lungs, a sudden pause took place amongst the instrumental performers; the instant the music ceased, the dancers broke up, and the whole assembled multitude made a simultaneous rush to the spot in which the deities were enthroned; the inhabitants of each village, seizing upon their god, carried him off without further loss of time; and thus the whole concourse dispersed, as if by enchantment.
Bending their steps to Sungla, the party found the people of the village assembled in an open area in front of the temple, dancing in the same order as before, that is, joining hands, and advancing and receding instead of making the round. They accompanied themselves with their own voices, singing or rather chanting in a wild but not unpleasing manner, completely suited to the occasion: the females were the principal performers here, as well as in other places, the sex manifesting a great predilection to arts which men, both civilized and uncivilized, sometimes regard with disdain. Meantime both men and women indulged very freely in the juice of the grape, drinking deep of the wine, which is imbibed without scruple by these unorthodox Hindoos. The dance, under these circumstances, degenerated into a romping-match, which was kept up until strength and steadiness failed, many measuring the ground in a hopeless state of intoxication, which prevented every effort to rise.
The village of Jungla is small and scattered, in consequence of fires, which on two several occasions committed great havoc among the houses; it is situated on the Thibet side of the snowy chain, and, at the base of the range, at an elevation of nearly nine thousand feet above the level of the sea. The houses are constructed of stone and cedar, the upper story overhanging the road in the peculiar manner which characterizes native architecture in the Himalaya. The air is humid, and unfavourable to several kinds of cultivation, especially that of the grape, which is, however, extensively grown in Koonawar, for the purpose of making wine; while other intoxicating liquids are obtained from different species of grain, the process employed being very effective in procuring a potent spirit. A quantity of dough being prepared and baked, is immersed in wooden vessels with half its weight of water, and buried in the earth for six days in the warm, and nine days in the cold season. Another ingredient is then obtained from grain sown, and plucked up as soon as it appears above the ground; which being dried in the sun, and reduced to powder, is mixed with four times its weight of dough, and then boiled over a slow fire, when it yields a spirit, which is doubled in value if submitted to the boiling process a second time.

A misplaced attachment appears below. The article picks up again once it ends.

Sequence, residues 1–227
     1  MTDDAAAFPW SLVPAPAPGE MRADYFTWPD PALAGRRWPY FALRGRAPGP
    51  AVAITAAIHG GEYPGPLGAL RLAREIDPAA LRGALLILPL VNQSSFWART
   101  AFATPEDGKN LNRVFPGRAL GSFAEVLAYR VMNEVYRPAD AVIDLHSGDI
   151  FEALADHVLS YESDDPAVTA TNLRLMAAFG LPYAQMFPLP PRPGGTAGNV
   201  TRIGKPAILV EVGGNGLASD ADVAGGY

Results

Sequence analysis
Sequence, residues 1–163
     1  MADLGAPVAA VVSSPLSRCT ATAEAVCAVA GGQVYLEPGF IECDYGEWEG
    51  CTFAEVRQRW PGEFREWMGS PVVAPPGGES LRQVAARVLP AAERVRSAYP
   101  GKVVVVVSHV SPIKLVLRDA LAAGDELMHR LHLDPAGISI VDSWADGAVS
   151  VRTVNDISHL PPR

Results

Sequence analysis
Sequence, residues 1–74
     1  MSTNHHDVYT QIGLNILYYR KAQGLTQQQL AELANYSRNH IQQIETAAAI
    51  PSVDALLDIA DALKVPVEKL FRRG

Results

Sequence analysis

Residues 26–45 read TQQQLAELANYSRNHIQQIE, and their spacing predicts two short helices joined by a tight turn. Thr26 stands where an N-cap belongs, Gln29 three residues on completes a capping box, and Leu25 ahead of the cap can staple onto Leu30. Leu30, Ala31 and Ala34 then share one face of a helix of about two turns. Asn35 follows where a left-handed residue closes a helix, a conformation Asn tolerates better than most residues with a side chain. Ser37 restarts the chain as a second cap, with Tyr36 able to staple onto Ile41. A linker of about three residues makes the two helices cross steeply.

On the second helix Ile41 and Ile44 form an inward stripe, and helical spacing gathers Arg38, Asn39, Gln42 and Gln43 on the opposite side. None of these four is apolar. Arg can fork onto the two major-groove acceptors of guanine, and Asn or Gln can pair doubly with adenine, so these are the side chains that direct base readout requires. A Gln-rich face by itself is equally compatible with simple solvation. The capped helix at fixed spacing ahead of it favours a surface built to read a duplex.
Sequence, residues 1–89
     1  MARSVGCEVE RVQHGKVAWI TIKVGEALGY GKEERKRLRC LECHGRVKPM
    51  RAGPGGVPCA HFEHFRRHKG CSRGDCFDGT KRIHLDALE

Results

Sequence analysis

Peas and beans thrive very tolerably, but the turnip does not succeed so well, on account of the quantity of rain which falls at this place. The valley of the Baspa is considered to be without the influence of the periodical rains, but though not exposed to the torrents which fall elsewhere, it is visited by such frequent showers, that the ground is kept constantly wet. The tobacco, like all that is at present grown in the hills, is of an inferior quality; the natives improve it for smoking by a mixture of an intoxicating drug, obtained from the leaves and seeds of a plant which exudes a glutinous substance: black cummin is a product of the valley, which the cultivators export to the plains of India; and two descriptions of dye are obtained from the Indian madder; the red sort is in great request, both for giving a vivid colour to the wool which is woven into garments, and as a substitute for the more delicate preparations of rouge used by foreign belles. So efficacious is this root considered in India as a beautifier, that the women, who are particularly anxious to improve their charms, swallow it under the idea that it will heighten the complexion, and add brilliance to their whole appearance. The fruit-trees attain, at this elevation, a very luxuriant growth; and walnuts, nectarines,